Delaware reaches agreement with US government on mental health care

Mental health care and services in Delaware will focus less on institutionalization and more on community-based treatment, under a comprehensive agreement with the US Department of Justice. 

The settlement resulted from a DOJ investigation into allegations of patient abuse and mistreatment at the Delaware Psychiatric Center.  It also brings the state into compliance with the Supreme Court’s landmark Olmstead v. L.C. decision and the Americans with Disabilities Act.

Delaware Health and Social Services Secretary Rita Landgraf said even beyond DPC, the state was spending disproportionately on institutional care at the expense of community alternatives.

Landgraf was named co-chair of a task force appointed by former Governor Ruth Ann Minner to investigate conditions at the Delaware Psychiatric Center and to come up with recommendations.  She called Wednesday’s agreement “the blueprint for how we are going to provide mental health services to persons with severe and persistent mental illness in our state.”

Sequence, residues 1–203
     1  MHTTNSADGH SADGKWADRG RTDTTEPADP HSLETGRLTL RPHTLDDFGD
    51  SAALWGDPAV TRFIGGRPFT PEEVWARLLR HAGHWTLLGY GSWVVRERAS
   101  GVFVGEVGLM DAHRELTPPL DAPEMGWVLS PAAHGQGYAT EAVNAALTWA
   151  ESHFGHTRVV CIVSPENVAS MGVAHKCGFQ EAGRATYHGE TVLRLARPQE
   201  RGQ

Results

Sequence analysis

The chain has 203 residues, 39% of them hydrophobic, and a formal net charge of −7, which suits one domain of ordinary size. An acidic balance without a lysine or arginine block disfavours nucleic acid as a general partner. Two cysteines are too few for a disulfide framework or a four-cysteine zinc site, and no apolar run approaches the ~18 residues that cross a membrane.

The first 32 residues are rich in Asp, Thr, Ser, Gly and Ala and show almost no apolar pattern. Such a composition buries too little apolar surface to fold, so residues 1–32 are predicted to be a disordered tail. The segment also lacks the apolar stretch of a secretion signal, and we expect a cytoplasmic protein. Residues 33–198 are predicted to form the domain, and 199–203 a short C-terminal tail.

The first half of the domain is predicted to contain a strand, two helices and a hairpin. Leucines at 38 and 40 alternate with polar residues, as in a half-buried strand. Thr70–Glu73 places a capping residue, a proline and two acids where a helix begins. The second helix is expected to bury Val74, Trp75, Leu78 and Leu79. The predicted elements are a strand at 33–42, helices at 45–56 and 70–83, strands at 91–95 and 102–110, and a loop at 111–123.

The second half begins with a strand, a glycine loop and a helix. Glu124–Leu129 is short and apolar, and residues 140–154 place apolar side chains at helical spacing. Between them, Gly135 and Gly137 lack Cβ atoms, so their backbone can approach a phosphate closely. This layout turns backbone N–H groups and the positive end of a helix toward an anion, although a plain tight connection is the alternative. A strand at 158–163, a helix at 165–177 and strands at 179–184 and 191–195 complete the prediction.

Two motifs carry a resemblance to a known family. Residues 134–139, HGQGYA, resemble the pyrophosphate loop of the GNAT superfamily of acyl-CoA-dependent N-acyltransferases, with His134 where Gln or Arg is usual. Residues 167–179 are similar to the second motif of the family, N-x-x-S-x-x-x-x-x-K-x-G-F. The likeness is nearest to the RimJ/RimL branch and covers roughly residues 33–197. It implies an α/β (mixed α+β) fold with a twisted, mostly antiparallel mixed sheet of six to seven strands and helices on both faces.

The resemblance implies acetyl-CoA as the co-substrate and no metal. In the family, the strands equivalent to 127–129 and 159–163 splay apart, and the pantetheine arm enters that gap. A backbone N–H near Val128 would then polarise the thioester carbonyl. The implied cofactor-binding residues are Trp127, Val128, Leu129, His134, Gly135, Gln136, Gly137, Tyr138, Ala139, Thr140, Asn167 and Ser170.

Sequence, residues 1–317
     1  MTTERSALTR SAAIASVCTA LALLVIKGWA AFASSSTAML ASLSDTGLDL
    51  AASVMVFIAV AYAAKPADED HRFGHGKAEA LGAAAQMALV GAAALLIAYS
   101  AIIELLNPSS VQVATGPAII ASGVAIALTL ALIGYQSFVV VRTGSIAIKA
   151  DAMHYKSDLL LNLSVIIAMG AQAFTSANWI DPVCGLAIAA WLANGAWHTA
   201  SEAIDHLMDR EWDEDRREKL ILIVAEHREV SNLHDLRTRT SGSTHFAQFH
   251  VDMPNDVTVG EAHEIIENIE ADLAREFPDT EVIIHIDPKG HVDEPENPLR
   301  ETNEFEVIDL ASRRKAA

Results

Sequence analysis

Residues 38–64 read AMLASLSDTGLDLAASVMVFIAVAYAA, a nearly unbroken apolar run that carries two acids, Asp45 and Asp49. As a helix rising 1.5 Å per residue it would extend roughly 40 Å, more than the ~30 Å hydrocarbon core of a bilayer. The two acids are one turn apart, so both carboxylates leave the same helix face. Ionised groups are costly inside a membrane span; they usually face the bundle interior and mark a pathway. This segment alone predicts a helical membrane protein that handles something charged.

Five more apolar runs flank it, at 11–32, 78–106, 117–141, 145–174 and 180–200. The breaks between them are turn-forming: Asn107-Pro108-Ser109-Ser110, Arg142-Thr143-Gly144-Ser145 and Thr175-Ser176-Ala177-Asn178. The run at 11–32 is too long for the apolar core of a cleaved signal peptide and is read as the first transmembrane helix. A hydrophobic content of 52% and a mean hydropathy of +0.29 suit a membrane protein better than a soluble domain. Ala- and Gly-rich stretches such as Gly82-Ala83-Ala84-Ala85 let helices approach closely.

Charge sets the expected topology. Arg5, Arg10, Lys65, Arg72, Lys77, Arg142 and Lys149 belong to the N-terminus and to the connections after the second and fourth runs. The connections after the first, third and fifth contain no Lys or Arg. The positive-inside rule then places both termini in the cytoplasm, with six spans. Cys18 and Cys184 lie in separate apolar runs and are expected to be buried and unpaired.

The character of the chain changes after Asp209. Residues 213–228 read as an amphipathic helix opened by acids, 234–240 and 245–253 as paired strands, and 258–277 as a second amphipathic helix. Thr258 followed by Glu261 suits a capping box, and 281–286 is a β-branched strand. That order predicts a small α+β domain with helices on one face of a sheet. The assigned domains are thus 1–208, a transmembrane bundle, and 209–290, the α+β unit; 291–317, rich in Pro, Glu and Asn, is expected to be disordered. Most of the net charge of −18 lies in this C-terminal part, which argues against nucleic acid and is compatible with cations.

“Today we’re charting a course that really has the capacity to transform the provision of mental health care in the state.” Governor Jack Markell added.

Assistant US Attorney General Thomas Lopez called it an “exciting and groundbreaking day” for Delaware, which according to the DOJ investigation had more than 3,000 individuals institutionalized either at DPC or other state-funded private psychiatric facilities, many of them unnecessarily.  The findings of the investigation were released in late 2010.

“It is, indeed, a landmark agreement, a blueprint for sustainable reform and it will in fact, I predict, serve as a model for the nation of how to effectively integrate people with mental health issues into communities,” Lopez said.

Landgraf said the plan has a detailed timeline of goals and objectives over a five-year period.  As designed, it would reduce the population at DPC from the current 160 patients to about 125.  The DPC once had more than 200 patients institutionalized.  The state will expand community options that include recovery plans for patients, specialized transition teams, a 24/7 crisis hotline and mobile crisis teams, and more support services in general.  Additionally, employment counseling and training resources will be offered as well as support with finding appropriate housing.

CLICK HERE to read the entire agreement.

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